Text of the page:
The Office of General Counsel issued the following opinion on May 8, 2007 representing the position of the New York State Insurance Department.
RE: Definition of Initial Pretrial Hearing in Insurance Law § 2110(j)
Does an arraignment constitute an "initial pretrial hearing" within the meaning of Insurance Law § 2110(j)?
Yes. An arraignment constitutes an "initial pretrial hearing" under Insurance Law § 2110(j).
The inquirer reports that he is counsel to an individual who is a licensee of this Department. The licensee was recently accused and arrested on felony larceny and other related charges. Although the inquirer were not certain whether the term "initial pretrial hearing," as used in the Insurance Law, refers to an arraignment, he advised his client to report the incident to the Department within 30 days of her arraignment. He now asks the Departments Office of General Counsel to confirm his interpretation of the Insurance Law.
Insurance Law § 2110 governs the revocation or suspension of the licenses of insurance producers, insurance consultants, and insurance adjusters. Specifically, Insurance Law § 2110(j) requires an insurance producer to report any criminal prosecution of the licensee in any jurisdiction. That provision states:
(j) Within thirty days of the initial pretrial hearing date, a licensee subject to this article shall report to the superintendent any criminal prosecution of the licensee taken in any jurisdiction. The report shall include a copy of the initial complaint filed, the order resulting from the hearing and any other relevant legal documents.
Thus, within 30 days of an "initial pretrial hearing," a licensee of the Department must report any criminal prosecution in any jurisdiction to the Department. However, nothing in the Insurance Law, nor any other law in the State of New York, defines or uses the term "initial pretrial hearing."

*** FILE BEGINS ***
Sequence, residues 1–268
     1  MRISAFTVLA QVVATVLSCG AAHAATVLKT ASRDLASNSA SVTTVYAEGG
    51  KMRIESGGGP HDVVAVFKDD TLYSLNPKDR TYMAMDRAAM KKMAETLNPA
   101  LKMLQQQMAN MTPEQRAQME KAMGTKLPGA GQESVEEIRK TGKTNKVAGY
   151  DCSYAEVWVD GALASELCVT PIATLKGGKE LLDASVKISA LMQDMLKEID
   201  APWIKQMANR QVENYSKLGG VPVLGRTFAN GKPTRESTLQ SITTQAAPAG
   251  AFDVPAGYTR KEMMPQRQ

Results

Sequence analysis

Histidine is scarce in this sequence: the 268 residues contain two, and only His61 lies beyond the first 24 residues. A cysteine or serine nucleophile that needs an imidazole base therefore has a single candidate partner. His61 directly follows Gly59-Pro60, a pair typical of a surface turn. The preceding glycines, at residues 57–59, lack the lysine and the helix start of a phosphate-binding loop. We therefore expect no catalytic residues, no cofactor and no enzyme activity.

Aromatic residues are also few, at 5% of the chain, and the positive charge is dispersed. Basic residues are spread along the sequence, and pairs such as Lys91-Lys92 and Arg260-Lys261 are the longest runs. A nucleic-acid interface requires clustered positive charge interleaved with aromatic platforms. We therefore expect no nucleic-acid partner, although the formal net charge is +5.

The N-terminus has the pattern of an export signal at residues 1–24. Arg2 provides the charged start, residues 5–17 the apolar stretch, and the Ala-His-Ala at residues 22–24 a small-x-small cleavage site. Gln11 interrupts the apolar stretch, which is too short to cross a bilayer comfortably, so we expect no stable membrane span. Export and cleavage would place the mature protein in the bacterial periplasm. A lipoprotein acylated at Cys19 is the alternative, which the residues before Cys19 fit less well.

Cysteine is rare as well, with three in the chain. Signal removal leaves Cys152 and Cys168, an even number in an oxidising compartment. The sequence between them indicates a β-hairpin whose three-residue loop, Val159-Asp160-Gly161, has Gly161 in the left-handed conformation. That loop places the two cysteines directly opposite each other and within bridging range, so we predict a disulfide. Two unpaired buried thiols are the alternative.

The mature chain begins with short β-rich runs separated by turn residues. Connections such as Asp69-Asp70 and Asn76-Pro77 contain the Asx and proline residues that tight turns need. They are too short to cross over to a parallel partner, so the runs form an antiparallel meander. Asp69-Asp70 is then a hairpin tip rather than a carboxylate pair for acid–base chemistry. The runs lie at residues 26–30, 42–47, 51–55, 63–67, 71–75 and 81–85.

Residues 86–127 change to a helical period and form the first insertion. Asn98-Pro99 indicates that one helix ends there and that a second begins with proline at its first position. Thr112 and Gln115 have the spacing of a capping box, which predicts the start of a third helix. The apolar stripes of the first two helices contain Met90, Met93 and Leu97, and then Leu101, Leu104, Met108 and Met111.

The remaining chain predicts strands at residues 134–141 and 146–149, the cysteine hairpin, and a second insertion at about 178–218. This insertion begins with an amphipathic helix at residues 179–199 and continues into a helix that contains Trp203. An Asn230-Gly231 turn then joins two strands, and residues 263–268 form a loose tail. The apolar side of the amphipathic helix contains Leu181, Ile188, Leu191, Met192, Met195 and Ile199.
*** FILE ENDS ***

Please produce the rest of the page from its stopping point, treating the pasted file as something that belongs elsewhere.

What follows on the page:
Modeled on § 17 of the National Association of Insurance Commissioners (NAIC) Producer Licensing Model Act, Insurance Law § 2110(j) was enacted in 2003, and became effective in 2004. The Memorandum in Support of the bill provides:
[P]romoting uniformity in state licensing procedures remains a worthwhile goal. Codifying state reciprocal agreements and eliminating unimportant differences and terminology in agency licensing brings greater certainty and efficiency to the business of insurance and eases multi-state operations that are now commonplace. Formalizing information sharing among regulators and establishing protocols for interagency cooperation and prompt reporting of disciplinary actions will help maintain the integrity of the regulatory framework that now must protect consumers from disreputable producers who or which may be licensed in multiple states. 2003 N.Y. Laws 687.
It is clear, therefore, that in enacting Insurance Law § 2110(j), the legislature was less concerned with terminology than achieving uniformity with the licensing procedures of the other states. Viewed through this prism, the term "initial pretrial hearing," while not defined in the New York Insurance Law specifically (or in any other New York statute), is plainly intended to encompass a defendants initial court appearance in a criminal action in any jurisdiction.
The New York Criminal Procedure Law (CPL) § 1.20 (McKinney Supp. 2007) defines an "arraignment" as follows:
9. "Arraignment" means the occasion upon which a defendant against whom an accusatory instrument has been filed appears before the court in which the criminal action is pending for the purpose of having such court acquire and exercise control over his person with respect to such accusatory instrument and of setting the course of further proceedings in the action.
An arraignment is the first time that a defendant accused of a crime appears before a court. In fact, it is entirely possible for a criminal case to go to trial without any other hearing after an arraignment. For these reasons, the Department considers an arraignment to be an "initial pretrial hearing" that triggers the 30-day requirement under Insurance Law § 2110(j).
For further information you may contact Assistant Attorney Sapna Maloor at the New York City office.